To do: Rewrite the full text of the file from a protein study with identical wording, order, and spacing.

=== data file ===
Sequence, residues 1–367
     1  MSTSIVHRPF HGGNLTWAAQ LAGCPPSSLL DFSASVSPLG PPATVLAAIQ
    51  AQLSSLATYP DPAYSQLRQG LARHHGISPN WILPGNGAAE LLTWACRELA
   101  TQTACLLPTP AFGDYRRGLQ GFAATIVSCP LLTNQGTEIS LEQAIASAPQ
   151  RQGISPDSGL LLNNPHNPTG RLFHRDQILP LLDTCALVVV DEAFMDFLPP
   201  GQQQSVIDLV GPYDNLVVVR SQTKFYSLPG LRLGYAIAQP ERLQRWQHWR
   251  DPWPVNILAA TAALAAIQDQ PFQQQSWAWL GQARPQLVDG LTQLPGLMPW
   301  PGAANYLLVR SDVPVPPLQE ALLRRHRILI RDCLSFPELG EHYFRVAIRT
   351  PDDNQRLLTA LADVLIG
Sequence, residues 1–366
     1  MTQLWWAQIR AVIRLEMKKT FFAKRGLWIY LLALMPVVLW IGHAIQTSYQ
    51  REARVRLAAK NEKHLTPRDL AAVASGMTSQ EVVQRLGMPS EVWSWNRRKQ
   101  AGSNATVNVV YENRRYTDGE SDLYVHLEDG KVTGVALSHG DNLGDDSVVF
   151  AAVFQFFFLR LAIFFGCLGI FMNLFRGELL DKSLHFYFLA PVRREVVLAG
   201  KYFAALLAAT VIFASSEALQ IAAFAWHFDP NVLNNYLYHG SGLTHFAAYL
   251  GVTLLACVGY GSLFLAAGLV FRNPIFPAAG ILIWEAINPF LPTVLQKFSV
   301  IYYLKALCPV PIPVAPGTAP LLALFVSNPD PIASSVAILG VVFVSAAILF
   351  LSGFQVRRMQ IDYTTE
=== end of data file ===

Sequence, residues 1–367
     1  MSTSIVHRPF HGGNLTWAAQ LAGCPPSSLL DFSASVSPLG PPATVLAAIQ
    51  AQLSSLATYP DPAYSQLRQG LARHHGISPN WILPGNGAAE LLTWACRELA
   101  TQTACLLPTP AFGDYRRGLQ GFAATIVSCP LLTNQGTEIS LEQAIASAPQ
   151  RQGISPDSGL LLNNPHNPTG RLFHRDQILP LLDTCALVVV DEAFMDFLPP
   201  GQQQSVIDLV GPYDNLVVVR SQTKFYSLPG LRLGYAIAQP ERLQRWQHWR
   251  DPWPVNILAA TAALAAIQDQ PFQQQSWAWL GQARPQLVDG LTQLPGLMPW
   301  PGAANYLLVR SDVPVPPLQE ALLRRHRILI RDCLSFPELG EHYFRVAIRT
   351  PDDNQRLLTA LADVLIG
Sequence, residues 1–366
     1  MTQLWWAQIR AVIRLEMKKT FFAKRGLWIY LLALMPVVLW IGHAIQTSYQ
    51  REARVRLAAK NEKHLTPRDL AAVASGMTSQ EVVQRLGMPS EVWSWNRRKQ
   101  AGSNATVNVV YENRRYTDGE SDLYVHLEDG KVTGVALSHG DNLGDDSVVF
   151  AAVFQFFFLR LAIFFGCLGI FMNLFRGELL DKSLHFYFLA PVRREVVLAG
   201  KYFAALLAAT VIFASSEALQ IAAFAWHFDP NVLNNYLYHG SGLTHFAAYL
   251  GVTLLACVGY GSLFLAAGLV FRNPIFPAAG ILIWEAINPF LPTVLQKFSV
   301  IYYLKALCPV PIPVAPGTAP LLALFVSNPD PIASSVAILG VVFVSAAILF
   351  LSGFQVRRMQ IDYTTE